If there was a competition for overthinking, I’m the winner. The crescendo of noise builds as I walk through the crowd, shaking hands with fans as I get closer to the presentation stage. Other competitors look on with envy, unhappy at their wasted time spent pondering the imponderable. As I stand before the trophy, I become lost in thought.
Yep, I’m overthinking again.
As I lift the trophy above my head, soaking up the vibrations and the buzz from the audience, I notice a beeping sound. It grows louder as I turn to the crowd and they raise an even bigger cheer when I hoist the trophy up high, punching the air to show my delight. Then, the beeping takes over; the crowd, the clapping, the trophy, they’ve gone. All I have is darkness and high-pitched beep which I can hear, but also feel…
Another blow lands as I become aware of the bedroom, my wife hitting me again as I awaken to silence the alarm, beeping for what my wife feels is eternity. I’m disappointed not to see my trophy, with an etching of Rodin’s The Thinker on the front, his chin resting on his hand as he ponders and overthinks.
Overthinking – Quantity not Quality
My dream was a sarcastic prod at something I do too much of. I think – a lot.
You won’t find me dealing with a three-pipe problem, unlike Sherlock Holmes as he sits in his armchair pondering the mystery in hand.
It is quite a three-pipe problem, and I beg that you won’t speak to me for fifty minutes.Sir Arthur Conan Doyle
It is an iconic scene, as a haze of smoke drifts through the rays of sunlight as they pierce the window. Holmes is oblivious to it all, his only thought the problem in hand. His imagination is an engine room of creative ideas, as he considers a variety of solutions to the problem in hand.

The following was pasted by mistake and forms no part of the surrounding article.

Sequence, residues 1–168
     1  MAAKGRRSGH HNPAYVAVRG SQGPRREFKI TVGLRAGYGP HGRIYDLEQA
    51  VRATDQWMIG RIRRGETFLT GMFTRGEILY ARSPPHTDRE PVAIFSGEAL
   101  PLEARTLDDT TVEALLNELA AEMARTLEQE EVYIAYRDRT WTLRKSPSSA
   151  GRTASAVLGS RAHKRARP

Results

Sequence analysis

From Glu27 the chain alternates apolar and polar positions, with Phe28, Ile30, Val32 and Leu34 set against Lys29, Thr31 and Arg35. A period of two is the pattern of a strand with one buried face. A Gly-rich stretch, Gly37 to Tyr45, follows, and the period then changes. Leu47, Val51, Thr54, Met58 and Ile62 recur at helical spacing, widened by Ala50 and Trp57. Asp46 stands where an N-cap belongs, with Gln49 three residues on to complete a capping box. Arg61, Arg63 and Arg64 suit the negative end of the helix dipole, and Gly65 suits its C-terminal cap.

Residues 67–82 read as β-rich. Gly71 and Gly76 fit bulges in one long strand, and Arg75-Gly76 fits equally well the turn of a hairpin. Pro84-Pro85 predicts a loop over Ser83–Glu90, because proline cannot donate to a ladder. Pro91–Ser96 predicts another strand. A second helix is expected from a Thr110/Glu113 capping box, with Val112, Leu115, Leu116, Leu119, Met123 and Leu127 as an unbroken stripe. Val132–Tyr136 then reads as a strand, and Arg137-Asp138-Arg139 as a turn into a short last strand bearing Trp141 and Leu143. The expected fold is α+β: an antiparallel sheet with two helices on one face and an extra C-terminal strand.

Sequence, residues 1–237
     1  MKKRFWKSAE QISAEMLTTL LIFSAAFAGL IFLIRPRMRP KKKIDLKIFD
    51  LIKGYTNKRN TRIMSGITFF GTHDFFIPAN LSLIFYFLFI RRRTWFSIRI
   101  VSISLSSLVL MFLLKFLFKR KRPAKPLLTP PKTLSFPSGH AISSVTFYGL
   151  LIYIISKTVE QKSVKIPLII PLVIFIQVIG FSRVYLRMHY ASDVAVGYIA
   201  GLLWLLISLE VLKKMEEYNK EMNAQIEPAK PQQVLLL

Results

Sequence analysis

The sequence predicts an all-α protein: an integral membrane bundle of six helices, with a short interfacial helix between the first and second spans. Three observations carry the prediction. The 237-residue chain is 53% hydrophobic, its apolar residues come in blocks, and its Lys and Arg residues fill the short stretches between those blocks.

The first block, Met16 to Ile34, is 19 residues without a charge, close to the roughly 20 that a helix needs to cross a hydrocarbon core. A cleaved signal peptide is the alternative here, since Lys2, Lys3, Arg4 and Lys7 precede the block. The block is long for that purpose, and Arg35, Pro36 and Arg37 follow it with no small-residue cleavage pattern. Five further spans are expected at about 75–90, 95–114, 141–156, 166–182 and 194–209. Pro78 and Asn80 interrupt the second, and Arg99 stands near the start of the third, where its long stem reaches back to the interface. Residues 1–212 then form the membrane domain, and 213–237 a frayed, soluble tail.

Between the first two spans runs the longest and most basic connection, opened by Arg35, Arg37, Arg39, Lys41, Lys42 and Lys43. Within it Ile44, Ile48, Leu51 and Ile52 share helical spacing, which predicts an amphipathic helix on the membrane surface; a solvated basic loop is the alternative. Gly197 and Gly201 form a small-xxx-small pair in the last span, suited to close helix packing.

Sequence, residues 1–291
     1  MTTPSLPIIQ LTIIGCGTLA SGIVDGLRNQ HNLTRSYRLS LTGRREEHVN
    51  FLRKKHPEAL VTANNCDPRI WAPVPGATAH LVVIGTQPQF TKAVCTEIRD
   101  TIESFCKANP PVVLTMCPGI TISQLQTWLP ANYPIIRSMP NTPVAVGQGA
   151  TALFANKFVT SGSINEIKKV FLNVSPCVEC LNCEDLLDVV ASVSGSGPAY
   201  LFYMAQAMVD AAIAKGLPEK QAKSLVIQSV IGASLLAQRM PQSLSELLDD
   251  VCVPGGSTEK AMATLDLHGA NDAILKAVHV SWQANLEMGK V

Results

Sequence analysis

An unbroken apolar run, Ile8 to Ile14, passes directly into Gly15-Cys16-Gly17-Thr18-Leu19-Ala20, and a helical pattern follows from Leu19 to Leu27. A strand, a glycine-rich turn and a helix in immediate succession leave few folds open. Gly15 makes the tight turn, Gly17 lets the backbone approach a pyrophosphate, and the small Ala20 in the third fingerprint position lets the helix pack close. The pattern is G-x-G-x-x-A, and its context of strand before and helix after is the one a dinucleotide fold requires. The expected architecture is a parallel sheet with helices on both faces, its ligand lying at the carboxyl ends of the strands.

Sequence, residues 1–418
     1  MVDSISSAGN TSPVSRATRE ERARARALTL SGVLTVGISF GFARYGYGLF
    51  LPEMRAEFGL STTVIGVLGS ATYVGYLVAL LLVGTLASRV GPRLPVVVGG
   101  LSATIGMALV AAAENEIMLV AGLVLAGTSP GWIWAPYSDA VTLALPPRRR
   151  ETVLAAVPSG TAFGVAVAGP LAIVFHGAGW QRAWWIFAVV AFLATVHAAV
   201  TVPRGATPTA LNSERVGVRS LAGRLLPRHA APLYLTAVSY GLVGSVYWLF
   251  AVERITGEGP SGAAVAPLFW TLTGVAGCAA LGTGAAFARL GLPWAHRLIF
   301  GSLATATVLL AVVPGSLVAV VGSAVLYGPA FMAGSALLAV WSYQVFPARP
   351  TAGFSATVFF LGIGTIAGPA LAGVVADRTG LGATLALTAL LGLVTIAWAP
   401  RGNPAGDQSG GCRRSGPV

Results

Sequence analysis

For Holmes, it’s one problem pondered, imagined, and conceptualised, as he puffs through three pipes. His focus brings the quality of thinking required to solve the mysteries we know him for.
The Paradox of Overthinking
I marvel at my imagination. I marvel at how I’m able to think; to overthink instead of working slavishly on my work. Unlike Sherlock Holmes who concentrates deeply on one topic, I don’t.
My mind is like my nephew this summer; running along the sandy beach teasing the seawater as he waits to see how close it will get to the bottom of his shorts. For hours, he is dancing with the tide, running backwards and forwards, roaring with laughter as the crest of each wave tickles his legs.
Like my nephew, I never go deep when it comes to thinking. The waves take the shape of innovative ideas, old ideas, memories, regrets and a thousand other thoughts. Each one splashing at me for my attention as I try to think. As I start to think about one thought, another one comes along. Wave after wave pounds at my legs as I overthink on everything, rather than one thing.
It is the all-consuming agony of overthinking.
When we think about overthinking, we face a paradox; one where we convince ourselves overthinking is bad for us. We fret about daydreaming, of procrastinating and ending up with nothing.
The paradox is right. What must change is the focus.
The Three-Pipe lesson in Thinking
Sherlock’s superpower: his unique strength was his ability to focus on one problem and one problem alone.
We live in world of noise that no human has ever had to face before. A continuous stream of inputs all fights for our attention. Distracted by email alerts, message notifications, breaking news banners, the TV, interactive displays, and each other, so our thinking reflects our inputs. Our minds are a mirror. What goes in, comes out.